This tutorial is about text; not how to write it, but the features you can implement to make it look good. To view special "code", open up a new text window in the event commands list. R-click on the word "text" and it will bring up a list of the different symbols and what they do. Important combinations (and the ones you're most liikely to use) are as follows:
\| :This is actually the same key, found above the "shift" key on your keyboard. It creates a 1 second pause in the text display, for times when you want to reveal some dramatic plot point, or if your character is just dumb and forgot to add something for a second.
\^ :this command skips the part where you press enter (or whatever) to go to the next block of text (to save having to make 10 bubbles, tick off "Batch", which cuts up your giant block of text for you, so you only have to insert on text box). It's to save time.
\> :displays the text in one shot. Again, nice and quick.
\G :brings up another window that shows how much gold you have, much like with shop events
\v[x] :displays a variable, the number of which replaces the x
\n[x] displays/calls the actor's name, even if you change it at some point i.e Ralph is actor 1
You can also throw in color, by putting in \c[x] where x is the number of the color. And here's a list of what the most common are: \c blue \c pink \c green \c Light blue \c gray \c orange \c coal \c grey-like \c D blue \c red \cDgreen \c Lighter blu \c gold \cblack \cyellow \c blood red \c smoke \c orange \cgold-ish \cBright blue \c Neon green \cpink \cDark green \cwhite the rest are "off-shades", which basically all look like the same stupid light purple color.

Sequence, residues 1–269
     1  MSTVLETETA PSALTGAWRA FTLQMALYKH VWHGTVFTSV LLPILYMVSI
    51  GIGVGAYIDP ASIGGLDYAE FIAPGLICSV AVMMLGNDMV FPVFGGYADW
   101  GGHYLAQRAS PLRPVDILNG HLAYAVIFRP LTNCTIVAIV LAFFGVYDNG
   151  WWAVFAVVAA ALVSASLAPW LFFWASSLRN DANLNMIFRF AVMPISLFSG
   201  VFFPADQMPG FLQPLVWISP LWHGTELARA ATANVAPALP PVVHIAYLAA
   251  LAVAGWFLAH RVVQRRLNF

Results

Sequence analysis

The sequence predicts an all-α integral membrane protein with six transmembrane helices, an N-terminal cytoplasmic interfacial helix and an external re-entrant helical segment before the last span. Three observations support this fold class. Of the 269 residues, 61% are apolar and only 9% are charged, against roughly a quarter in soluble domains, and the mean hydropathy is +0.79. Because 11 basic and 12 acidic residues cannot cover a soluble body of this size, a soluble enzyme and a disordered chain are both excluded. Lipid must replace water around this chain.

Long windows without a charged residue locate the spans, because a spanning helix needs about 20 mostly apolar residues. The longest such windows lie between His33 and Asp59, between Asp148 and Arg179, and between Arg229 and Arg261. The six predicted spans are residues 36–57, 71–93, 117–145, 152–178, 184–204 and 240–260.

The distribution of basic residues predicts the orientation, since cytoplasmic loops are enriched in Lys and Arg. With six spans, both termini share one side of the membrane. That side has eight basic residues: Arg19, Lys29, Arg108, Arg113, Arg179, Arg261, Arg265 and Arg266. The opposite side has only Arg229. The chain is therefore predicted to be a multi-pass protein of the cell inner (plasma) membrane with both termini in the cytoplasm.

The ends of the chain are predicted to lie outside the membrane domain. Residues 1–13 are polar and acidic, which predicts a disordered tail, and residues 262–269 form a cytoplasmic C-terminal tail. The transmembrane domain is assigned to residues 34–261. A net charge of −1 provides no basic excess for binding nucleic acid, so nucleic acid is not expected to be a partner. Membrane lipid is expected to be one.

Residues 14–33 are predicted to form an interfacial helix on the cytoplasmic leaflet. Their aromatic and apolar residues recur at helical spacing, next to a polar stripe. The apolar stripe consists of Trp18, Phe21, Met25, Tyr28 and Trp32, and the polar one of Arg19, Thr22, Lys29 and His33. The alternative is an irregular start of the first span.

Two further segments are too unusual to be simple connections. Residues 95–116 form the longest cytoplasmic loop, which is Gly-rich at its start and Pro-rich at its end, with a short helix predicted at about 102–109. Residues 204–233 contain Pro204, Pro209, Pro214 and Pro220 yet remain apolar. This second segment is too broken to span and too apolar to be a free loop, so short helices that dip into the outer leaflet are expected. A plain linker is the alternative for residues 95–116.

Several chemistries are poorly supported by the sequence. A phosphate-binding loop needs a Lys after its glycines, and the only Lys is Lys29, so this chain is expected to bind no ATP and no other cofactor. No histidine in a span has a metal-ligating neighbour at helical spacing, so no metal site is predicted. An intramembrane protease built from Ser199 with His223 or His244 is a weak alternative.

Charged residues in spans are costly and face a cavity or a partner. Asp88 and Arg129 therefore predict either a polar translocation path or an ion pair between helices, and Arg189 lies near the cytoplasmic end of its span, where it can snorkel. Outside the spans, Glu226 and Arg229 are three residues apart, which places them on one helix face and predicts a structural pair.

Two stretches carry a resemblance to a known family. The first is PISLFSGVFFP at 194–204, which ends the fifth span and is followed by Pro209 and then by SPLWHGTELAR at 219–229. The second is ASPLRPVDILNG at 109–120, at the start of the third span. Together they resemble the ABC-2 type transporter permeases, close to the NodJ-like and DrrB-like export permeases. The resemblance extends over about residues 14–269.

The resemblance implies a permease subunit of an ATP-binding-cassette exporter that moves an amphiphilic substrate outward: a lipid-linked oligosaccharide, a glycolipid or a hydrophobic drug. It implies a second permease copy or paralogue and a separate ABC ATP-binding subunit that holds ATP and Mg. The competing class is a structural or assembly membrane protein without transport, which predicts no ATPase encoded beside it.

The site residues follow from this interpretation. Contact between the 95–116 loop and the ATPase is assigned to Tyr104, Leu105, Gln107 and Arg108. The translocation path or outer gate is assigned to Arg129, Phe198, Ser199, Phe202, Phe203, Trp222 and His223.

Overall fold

Importantly, there's an example/picture in the Help section that clarifies the color use; you need to tell it change back to the original text color (so \c when you want to change it back to white), otherwise it stays the color you changed it to. If you're using color, it's worth the look. And here's a bonus: my beloved text skip, for digesting those cruel, uber-batched world history dialogue.
make a switch called "skip" (we'll say it's switch 3 ) when testing, you can open the list of switches with F9, so when you're testing, hit F9 to bring up that list and click the Skip switch ON In your event, at the start of your text tower, put a condition branch-if switch 3 -text-is ON > jump to label-skip go to the bottom of your text tower, use a label on the last block and call it "skip" When your switch is ON, it'll jump from the condition branch to the skip label; it takes some practice to get them lined up properly
That should be a sufficient lesson on something that no one really cares that much about.